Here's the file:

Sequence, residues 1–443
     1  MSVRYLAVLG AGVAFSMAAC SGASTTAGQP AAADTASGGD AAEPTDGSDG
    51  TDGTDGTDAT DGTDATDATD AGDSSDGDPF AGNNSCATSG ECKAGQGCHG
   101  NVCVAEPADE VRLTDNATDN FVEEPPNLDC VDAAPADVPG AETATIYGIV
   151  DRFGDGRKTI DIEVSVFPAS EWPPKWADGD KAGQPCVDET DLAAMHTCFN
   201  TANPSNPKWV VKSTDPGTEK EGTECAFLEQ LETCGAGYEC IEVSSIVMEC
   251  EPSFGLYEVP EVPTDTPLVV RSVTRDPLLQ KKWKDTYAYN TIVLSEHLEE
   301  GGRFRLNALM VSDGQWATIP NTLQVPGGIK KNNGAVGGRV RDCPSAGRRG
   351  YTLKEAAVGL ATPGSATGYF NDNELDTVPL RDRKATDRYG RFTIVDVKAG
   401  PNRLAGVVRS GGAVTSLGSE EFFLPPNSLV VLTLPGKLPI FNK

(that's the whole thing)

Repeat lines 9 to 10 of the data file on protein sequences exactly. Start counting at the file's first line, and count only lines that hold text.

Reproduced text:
   351  YTLKEAAVGL ATPGSATGYF NDNELDTVPL RDRKATDRYG RFTIVDVKAG
   401  PNRLAGVVRS GGAVTSLGSE EFFLPPNSLV VLTLPGKLPI FNK